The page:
Social Security — Contact the Social Security Administration and submit a formal notice of the death. The friendly folks there will tell you how to submit that notice, and can provide information about eligibility for SS coverage and benefits, including that available for family members, and the procedures, forms, and requirements for ensuring that rights are exercised properly.
Unions or Professional Associations — Also call any unions, professional or service organizations your loved one belonged to. It’s possible that life insurance or other benefits are available through these organizations, and an inquiry about status is appropriate.
Pension Administrator — Contact any pension administrators and submit a formal notice of the death in accord with procedures, make sure that any final payments due are properly directed, and inquire about other submissions required to ensure that the rights of successors in the pension benefits, if any, are properly exercised and protected. Be sure to ask about and verify the procedures, forms, and requirements for ensuring that all pension rights, privileges and benefits are exercised properly.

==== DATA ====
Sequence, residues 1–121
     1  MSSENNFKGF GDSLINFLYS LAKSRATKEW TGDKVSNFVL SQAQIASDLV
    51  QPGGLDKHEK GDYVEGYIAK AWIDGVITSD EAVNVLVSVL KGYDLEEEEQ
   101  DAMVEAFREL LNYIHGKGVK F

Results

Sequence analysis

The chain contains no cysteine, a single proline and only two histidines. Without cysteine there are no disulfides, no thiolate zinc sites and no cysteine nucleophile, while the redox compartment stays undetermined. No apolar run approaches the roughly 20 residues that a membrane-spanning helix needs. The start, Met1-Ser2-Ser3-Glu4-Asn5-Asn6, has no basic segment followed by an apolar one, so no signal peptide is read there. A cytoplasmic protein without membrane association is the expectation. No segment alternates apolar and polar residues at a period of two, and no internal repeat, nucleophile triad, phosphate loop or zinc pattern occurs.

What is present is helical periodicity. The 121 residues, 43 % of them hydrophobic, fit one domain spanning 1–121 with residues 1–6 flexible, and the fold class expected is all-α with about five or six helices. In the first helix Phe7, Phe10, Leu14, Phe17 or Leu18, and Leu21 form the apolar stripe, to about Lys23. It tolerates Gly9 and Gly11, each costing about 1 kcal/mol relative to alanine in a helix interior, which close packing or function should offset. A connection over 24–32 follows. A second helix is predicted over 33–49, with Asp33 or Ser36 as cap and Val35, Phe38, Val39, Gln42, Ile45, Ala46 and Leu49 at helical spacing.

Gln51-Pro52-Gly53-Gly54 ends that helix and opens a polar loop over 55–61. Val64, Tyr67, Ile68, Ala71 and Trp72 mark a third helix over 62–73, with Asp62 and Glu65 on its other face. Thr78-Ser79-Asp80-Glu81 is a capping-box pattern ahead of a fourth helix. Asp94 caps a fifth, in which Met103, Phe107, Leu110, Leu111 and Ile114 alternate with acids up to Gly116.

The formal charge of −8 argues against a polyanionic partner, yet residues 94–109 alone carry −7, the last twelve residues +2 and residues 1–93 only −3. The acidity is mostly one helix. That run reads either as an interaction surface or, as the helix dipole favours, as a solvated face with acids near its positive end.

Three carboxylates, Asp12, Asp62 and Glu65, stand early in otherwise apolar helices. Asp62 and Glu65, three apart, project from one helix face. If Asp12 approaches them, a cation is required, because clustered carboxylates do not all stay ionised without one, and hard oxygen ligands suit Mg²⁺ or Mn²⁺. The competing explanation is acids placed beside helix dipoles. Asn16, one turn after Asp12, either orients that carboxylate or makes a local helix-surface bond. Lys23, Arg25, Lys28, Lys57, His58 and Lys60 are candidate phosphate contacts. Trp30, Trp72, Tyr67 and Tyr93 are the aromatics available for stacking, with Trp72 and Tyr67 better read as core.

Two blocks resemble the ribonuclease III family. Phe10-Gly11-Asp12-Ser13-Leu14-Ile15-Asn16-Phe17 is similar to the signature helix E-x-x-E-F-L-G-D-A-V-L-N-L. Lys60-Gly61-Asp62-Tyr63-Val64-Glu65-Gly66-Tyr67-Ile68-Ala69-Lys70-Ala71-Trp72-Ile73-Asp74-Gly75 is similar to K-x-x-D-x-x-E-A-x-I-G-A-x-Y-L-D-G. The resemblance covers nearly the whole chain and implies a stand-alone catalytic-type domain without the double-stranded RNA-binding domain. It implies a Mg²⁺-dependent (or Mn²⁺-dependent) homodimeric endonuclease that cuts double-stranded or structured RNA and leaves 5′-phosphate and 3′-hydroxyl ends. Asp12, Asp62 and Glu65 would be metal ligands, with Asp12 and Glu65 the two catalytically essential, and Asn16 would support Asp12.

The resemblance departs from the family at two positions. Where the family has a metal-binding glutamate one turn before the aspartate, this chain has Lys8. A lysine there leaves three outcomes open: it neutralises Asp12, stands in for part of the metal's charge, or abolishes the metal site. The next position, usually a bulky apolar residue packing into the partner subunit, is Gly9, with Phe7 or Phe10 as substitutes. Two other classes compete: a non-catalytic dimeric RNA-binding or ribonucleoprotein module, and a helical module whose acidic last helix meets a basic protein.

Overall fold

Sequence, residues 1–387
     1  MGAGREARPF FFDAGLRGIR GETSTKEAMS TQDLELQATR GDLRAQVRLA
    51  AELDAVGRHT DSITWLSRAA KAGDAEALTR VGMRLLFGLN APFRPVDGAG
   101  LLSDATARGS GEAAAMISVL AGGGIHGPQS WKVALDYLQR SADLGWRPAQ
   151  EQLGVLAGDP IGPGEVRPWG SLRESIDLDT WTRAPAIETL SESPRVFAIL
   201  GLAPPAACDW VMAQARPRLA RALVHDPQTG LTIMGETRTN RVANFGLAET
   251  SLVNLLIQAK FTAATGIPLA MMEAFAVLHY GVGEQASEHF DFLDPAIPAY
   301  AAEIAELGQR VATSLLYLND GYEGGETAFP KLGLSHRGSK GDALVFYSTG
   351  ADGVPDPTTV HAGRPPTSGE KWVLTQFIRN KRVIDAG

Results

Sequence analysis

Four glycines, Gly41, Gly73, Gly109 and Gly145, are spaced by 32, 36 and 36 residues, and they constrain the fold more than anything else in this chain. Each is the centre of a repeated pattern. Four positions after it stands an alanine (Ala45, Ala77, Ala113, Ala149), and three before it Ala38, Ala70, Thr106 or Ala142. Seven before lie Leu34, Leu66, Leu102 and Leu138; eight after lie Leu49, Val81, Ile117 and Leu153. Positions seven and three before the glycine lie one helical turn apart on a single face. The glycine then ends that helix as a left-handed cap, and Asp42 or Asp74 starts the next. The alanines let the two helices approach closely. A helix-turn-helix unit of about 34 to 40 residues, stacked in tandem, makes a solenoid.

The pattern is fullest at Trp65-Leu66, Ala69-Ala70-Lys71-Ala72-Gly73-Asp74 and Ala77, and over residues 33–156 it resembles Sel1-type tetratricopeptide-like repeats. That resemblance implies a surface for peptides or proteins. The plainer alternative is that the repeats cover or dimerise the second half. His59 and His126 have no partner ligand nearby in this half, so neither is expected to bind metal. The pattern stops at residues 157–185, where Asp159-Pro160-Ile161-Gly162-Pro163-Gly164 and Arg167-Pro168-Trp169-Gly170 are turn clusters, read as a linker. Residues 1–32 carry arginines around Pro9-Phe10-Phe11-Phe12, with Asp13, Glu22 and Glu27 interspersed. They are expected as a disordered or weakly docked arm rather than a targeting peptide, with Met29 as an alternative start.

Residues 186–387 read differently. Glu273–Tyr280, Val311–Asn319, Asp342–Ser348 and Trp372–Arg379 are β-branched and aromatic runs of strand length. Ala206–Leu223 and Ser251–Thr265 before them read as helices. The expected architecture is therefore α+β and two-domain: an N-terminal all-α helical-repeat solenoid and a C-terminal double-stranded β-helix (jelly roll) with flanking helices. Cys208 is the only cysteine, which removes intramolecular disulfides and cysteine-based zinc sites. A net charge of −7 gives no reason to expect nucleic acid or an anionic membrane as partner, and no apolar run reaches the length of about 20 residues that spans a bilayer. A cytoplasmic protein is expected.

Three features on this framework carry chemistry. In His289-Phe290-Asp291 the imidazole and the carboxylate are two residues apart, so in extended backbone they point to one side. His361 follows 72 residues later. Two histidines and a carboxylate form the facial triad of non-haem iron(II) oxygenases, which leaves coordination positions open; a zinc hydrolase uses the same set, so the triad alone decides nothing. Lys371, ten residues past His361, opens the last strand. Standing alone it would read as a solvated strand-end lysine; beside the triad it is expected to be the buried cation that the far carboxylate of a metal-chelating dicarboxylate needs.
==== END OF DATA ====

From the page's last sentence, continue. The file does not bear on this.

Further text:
Business Partners, Clients —Identify those who were regularly doing business with your loved one and let them know about the death. In each case inquire about unresolved issues, open contracts, and incomplete obligations at issue and create a record of any potential obligations of the decedent that may affect the estate, or, likewise, any claims the decedent may have arising out of these business relationships—e.g., partnership revenues, project fees, receivables. Of particular importance is whether any rights need to be exercised in writing within a certain time frame after the death. Timelines for exercising rights are easy to overlook during the stressful period following a death. This information will be important for the executor and the executor’s lawyer, when it comes to managing the estate’s affairs.
Life Insurance Companies — Find the deceased’s life insurance policies, if any, and contact the company or its agent. Ask about formal notice and time requirements, procedures, forms required, and authority for submitting a claim. Usually beneficiaries or their guardians submit (sign) the claim forms and related paperwork (like a copy of the death certificate and a statement to establishing proof of claim). Remember to ask about payment options. You may have a choice between receiving a lump sum or the having the insurance company place the money in an interest-bearing account from which you can write checks.